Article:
After weeks of speculation, Gov. Mark Gordon’s office announced on Tuesday that the president of Taiwan will not be visiting Cheyenne this summer.
In a joint statement Tuesday from Gordon’s office and the Taiwanese delegation, both declared that while the two valued their relationship, a visit to Cheyenne Frontier Days — first floated as a possibility back in May — was now off the table due to “heavy logistics concerns,” the statement read.
A spokesman with Gordon’s office said the decision was made in Taipei and that he was unaware of specific reasons for the decision beyond what was outlined in the statement.
Taiwan and Wyoming had developed a strong relationship during the course of former Gov. Matt Mead’s administration, culminating in the establishment of a state trade office in the capital city of Taipei last year.
However, the relationship with Taiwan has created some awkwardness in Wyoming lately.
Last month, Cheyenne Mayor Marian Orr — who initiated early talks with the Taiwanese government about President Tsai Ing-wen visiting Cheyenne Frontier Days — butted heads with the governor in a heated closed-door meeting about the visit, where the governor reportedly expressed reservations about potentially upsetting relations with China, whose relationship with Taiwan has been strained for decades.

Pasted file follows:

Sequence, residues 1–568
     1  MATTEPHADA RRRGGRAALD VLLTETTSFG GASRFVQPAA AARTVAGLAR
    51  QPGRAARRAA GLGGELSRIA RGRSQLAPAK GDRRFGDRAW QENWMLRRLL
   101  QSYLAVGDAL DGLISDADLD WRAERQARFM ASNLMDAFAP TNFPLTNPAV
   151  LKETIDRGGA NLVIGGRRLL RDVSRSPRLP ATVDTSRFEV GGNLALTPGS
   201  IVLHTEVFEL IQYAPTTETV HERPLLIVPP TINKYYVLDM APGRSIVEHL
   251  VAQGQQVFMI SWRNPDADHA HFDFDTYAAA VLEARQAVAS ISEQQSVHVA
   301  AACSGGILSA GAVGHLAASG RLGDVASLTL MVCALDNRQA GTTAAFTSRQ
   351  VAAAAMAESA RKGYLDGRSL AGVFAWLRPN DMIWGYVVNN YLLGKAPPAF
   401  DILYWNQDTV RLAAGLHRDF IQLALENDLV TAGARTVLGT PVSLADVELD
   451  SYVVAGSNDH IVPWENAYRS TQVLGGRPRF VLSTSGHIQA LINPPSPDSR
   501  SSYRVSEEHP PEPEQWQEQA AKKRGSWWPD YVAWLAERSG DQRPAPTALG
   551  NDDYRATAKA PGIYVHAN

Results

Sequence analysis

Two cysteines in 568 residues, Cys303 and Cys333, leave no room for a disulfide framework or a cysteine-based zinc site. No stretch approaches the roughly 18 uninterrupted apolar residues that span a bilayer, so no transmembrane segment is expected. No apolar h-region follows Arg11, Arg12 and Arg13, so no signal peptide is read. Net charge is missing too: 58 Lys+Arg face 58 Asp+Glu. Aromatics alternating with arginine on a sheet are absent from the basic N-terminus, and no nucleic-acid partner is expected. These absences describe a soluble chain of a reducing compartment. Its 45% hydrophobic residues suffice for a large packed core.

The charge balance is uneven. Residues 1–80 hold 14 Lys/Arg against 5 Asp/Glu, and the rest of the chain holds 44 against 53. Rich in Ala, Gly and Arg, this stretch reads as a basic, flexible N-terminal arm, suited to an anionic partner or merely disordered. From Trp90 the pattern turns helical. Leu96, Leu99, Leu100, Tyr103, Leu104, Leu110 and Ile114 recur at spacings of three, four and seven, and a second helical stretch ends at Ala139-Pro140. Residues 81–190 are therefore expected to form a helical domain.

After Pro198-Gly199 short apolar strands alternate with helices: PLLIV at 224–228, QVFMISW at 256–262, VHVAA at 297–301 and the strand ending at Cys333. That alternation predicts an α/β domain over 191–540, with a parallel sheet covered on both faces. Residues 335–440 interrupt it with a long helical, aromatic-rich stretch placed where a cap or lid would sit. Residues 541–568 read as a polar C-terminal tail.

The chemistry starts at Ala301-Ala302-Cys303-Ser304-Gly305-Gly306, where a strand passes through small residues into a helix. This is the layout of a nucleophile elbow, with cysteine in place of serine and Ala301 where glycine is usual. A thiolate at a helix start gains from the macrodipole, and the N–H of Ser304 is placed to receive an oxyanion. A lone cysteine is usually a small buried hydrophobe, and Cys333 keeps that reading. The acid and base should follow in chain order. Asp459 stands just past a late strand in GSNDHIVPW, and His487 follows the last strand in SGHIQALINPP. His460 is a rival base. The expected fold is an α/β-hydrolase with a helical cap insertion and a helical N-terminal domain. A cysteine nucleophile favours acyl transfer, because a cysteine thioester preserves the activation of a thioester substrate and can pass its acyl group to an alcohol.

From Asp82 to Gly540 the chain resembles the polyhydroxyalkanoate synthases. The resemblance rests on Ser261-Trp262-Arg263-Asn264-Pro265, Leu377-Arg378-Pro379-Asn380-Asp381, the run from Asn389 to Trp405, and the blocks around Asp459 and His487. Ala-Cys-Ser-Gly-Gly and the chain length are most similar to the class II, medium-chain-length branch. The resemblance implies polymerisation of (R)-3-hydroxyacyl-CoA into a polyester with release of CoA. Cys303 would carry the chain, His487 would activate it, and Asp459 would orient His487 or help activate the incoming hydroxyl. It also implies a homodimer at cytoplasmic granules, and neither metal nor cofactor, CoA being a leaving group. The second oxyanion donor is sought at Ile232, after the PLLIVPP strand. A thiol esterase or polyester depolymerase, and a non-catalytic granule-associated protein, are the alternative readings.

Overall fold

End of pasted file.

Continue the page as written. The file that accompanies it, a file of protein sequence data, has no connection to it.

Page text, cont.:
Optimism for a potential visit was high several weeks ago, however. In a conference call with reporters, Gordon said a visit to Cheyenne remained a definite possibility, and Orr told the Star-Tribune she had confidence that a visit by the Taiwanese was close to happening.
In a text message Tuesday morning, Orr avoided specific comment on the visit, offering a forward-looking statement on furthering the city’s relationship with Taiwan at a banquet in Denver later this month.
“I look forward to welcoming the President of Taiwan to Cheyenne in the future,” she wrote. “In the meantime, I’ve been invited to a dinner with the President of Taiwan this month in Colorado, and look forward to seeing her and strengthening the ties between Cheyenne and our sister city of Tai-Chung.”
The banquet is set to take place July 19 — a day before her anticipated visit to Cheyenne was supposed to take place.
A future visit by Tsai is not off the table, however, and according to the statement, Gordon had also been invited to visit Taiwan in the second half of the year to “pursue opportunities around beef, blockchain and clean-power technologies.”
No plans have been confirmed at this point, a spokesman for Gordon said.
“There’s a strong likelihood the Governor will visit Taiwan later this year,” Gordon’s communications director, Michael Pearlman, wrote in an email.